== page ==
These earlier Celtic traditions of fairies, the former Irish or Welsh deities were also not fairies in the usual sense. They looked very much like human, in size and shape, except that they have special magical powers and they seemed eternally young, but they don’t have wings. The Dananns or their Welsh counterparts were usually seen as race of fair people. They can die just as mortals can, but their lives could last hundreds or even thousands of years.
The problem is that sometimes, the Christian authors have also turned them into beings serving the Devil, and that the fairies were actually demons. However this view is no longer shared, today.
These medieval fairies are different from the common folklore and fairy tales of today. The Tuatha de Danann is nothing like the brownie, leprechaun and goblin of these later traditions.
Types of Fairies:
Most of the information about Irish fairies here, comes from 19th century poet, Williams Butler Yeats.
He wrote two works, which is of interest:
- The Celtic Twilight (1893, 1902)
- Fairy and Folk Tales of the Irish Peasantry (1888)
In Fairy and Folk Tales of the Irish Peasantry, is not only description of fairies; it is a collection of works, poems and prose, from other authors, such as T. Crofton Croker and Lady Wilde.
In this work, he divided the fairies into two broad categories:
- Trooping Fairies or Social Fairies
- Solitary Fairies
Social or trooping fairies are those who lived in large company, like in a clan. The Tuatha de Danann who lived in the sidh, ruled by a king, and sometimes a queen (or both), can be considered as the social fairies. They were often seen feasting, singing and dancing. They can be either benevolent or hostile to humans. Another example of trooping fairies is the Merrow.
The solitary fairy usually avoid large gathering. There are many types of solitary fairy, such as banshee, leprechaun, cluricaune, brownie, pooka, etc.
Generally, they can recognise by the type of jackets they wore. The social fairies wore green jackets, while the solitary fairies wore red ones, but sometimes their jackets are brown or grey.
Scottish fairy folklore can also be divided in the similar fashion of solitary and social fairies.
Another writer, Wirt Sikes wrote in the British Goblins (1880), comparing the Welsh fairies with that of Norse/Teutonic fairies.
Sikes says that there are four types in the Norse tradition: 1) elves, 2) dwarves and troll, 3) nisses and 4) necks, mermen, and mermaids.
While in the Welsh traditions there are:
- the ellyllon, or the elves;
- the coblynau, or the mine fairies;
- the bwbachod, or the household fairies;
- the gwragedd annwn, or the fairies of the lakes and streams;
- the gwyllion, or the mountain fairies.
Here, the classification of Welsh fairies distinguished household fairies from that of the mines, lakes and mountains. Like the Irish tradition, the Welsh can be further divided into solitary and social fairies.
The Welsh name used for fairies is y Tylwyth Teg, which mean “the fair folk”. And these folk lived in Gwlad y Tylwyth Teg, “Fairyland”. Continue Reading at Timeless Myths Includes a full description of various types of Fairies, and more. Also Classical Mythology, Norse Mythology, Celtic Mythology, and Arthurian Legends.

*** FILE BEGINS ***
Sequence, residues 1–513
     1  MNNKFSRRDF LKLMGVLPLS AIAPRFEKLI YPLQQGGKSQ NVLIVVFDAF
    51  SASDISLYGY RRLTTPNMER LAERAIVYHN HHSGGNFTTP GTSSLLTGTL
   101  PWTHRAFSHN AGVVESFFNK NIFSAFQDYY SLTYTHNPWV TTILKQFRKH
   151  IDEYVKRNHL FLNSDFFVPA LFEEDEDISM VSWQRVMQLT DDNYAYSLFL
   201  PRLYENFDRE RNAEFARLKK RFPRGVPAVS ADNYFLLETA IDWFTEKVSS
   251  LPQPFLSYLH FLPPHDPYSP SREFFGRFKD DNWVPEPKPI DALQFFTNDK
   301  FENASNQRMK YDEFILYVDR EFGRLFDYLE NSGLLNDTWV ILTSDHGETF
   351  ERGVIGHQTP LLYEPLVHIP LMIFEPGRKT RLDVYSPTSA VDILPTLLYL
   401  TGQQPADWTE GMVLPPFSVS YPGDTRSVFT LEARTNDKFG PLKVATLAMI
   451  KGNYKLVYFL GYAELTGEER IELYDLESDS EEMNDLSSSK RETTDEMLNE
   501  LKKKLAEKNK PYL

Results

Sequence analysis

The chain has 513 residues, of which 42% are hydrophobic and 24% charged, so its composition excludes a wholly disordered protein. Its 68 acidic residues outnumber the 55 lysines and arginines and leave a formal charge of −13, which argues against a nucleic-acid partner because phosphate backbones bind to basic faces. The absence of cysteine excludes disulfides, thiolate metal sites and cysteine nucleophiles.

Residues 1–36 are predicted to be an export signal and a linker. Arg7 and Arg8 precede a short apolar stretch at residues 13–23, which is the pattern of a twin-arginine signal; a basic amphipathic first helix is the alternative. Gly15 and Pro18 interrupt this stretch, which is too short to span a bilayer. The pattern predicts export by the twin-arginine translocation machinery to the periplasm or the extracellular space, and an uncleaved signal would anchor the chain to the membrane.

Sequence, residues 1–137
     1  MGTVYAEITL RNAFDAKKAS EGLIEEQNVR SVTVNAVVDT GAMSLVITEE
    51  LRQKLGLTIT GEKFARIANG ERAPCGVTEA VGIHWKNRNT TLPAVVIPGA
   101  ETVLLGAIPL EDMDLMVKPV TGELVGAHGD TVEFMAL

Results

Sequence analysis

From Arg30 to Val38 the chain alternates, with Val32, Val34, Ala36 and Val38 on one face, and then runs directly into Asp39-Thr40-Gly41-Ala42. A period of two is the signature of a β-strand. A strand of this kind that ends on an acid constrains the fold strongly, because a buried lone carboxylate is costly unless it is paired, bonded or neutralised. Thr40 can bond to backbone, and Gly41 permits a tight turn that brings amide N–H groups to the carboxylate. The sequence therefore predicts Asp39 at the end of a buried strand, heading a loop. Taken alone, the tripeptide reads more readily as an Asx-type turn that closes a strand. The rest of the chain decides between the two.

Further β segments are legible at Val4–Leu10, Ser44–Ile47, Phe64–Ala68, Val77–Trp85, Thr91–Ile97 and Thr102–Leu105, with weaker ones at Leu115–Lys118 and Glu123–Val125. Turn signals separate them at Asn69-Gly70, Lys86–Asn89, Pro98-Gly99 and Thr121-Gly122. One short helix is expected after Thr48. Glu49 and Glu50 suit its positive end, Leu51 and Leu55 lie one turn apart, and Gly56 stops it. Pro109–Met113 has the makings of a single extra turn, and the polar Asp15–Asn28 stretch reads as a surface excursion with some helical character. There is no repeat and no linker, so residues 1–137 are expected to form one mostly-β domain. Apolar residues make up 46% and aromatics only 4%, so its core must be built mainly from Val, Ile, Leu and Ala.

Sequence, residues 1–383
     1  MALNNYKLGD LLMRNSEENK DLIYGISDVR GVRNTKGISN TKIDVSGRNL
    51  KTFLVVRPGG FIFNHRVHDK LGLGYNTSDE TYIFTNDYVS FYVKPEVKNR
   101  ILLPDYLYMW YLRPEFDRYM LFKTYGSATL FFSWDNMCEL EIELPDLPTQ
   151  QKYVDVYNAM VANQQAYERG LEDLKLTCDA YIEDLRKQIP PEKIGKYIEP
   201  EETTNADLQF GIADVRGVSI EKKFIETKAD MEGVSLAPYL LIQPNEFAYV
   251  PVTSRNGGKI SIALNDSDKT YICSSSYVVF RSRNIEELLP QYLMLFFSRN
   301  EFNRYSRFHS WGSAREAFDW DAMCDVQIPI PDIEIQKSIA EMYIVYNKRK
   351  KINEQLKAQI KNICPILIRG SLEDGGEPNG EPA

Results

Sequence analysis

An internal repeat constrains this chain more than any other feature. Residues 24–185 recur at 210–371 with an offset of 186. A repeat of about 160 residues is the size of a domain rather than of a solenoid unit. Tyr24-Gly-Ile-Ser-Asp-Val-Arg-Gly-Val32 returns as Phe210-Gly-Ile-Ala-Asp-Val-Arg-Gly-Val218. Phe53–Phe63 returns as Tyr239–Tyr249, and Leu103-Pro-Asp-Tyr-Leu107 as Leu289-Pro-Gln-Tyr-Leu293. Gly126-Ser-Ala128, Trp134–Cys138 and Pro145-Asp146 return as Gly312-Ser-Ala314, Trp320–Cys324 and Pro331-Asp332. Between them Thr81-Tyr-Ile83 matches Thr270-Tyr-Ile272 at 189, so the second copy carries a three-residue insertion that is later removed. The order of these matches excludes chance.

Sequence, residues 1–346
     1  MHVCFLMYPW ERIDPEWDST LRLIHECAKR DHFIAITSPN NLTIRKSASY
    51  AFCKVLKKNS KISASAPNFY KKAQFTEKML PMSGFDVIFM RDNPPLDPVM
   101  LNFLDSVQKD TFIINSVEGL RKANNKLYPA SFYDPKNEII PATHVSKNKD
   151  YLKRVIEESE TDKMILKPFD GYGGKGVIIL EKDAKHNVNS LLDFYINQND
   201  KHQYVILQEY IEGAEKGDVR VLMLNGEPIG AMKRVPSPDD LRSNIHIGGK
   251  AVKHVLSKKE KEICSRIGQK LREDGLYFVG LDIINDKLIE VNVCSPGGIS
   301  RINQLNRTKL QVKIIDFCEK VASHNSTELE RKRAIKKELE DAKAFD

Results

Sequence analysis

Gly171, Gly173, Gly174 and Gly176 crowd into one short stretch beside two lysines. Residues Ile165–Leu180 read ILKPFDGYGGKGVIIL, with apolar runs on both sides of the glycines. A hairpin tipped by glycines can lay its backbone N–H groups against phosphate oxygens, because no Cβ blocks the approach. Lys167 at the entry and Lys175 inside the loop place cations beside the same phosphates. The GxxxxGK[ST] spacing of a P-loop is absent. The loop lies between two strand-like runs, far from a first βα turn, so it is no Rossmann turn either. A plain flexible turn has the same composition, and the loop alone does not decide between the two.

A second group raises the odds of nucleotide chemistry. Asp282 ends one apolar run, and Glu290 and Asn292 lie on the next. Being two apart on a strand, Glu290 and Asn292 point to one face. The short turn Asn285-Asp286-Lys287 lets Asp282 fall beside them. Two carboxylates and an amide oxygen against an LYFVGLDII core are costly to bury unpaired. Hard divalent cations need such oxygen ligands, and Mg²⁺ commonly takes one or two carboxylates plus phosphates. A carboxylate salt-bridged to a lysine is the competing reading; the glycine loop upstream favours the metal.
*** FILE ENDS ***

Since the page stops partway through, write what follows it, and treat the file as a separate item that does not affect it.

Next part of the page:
ON THE ORIGINS
In 1846, William John Thomas, who contributed the term folklore to the English language, commented in The Athenaeum that “belief in fairies is by no means extinct in England” (Merton, p. 1846, 55). Thorns was not alone in his opinion; he was merely echoing and endorsing the words of others such as Thomas Keightley, the author of The Fairy Mythology. For believers were not limited to gypsies, fisherfolk, rural cottagers, country parsons, and Irish mystics. Antiquarians of the romantic era had begun the quest for fairies, and throughout Victoria’s reign advocates of fairy existence and investigators of elfin origins included numerous scientists, social scientists, historians, theologians, artists, and writers. By the 1880s such leading folklorists as Sabine Baring-Gould, Andrew Lang, Joseph Jacobs, and Sir John Rhys were examining oral testimony on the nature and the customs of the “little folk” and the historical and archaeological remains left by them. At the beginning of the twentieth century, eminent authors, among them Sir Arthur Conan Doyle and Arthur Machen, swelled the ranks of those who held the fairy faith and publicized their findings. In a remarkable “trickle up” of folk belief, a surprisingly large number of educated Victorians and Edwardians speculated at length on whether fairies did exist or had at least once existed.
For the Irish, especially those involved in the Celtic revival, belief in fairies was almost a political and cultural necessity. Thus, William Butler Yeats reported endlessly on his interactions with the sidhe (Irish fairies) and wrote repeatedly of their nature and behavior. His colleagues AE (George Russell) and William Sharp/Fiona Macleod proudly enumerated their fairy hunts and sightings, and the great Irish Victorian folklorists–Patrick Kennedy, Lady Wilde, and Lady Gregory–overtly or covertly acknowledged their beliefs. Even those not totally or personally convinced, like Douglas Hyde, remarked that the fairy faith was alive and well in Ireland.
Excerpt from: Strange and Secret Peoples
Fairies and Victorian Consciousness
Oxford University Press
Forgotten Books: Irelands Fairy Lore
Various Books on Faeries: Faery Mists Tripod
The Cottingley Fairies, How Two Young Girls Fooled the Sherlock Holmes Creator
Interesting Link to some Faerie Artists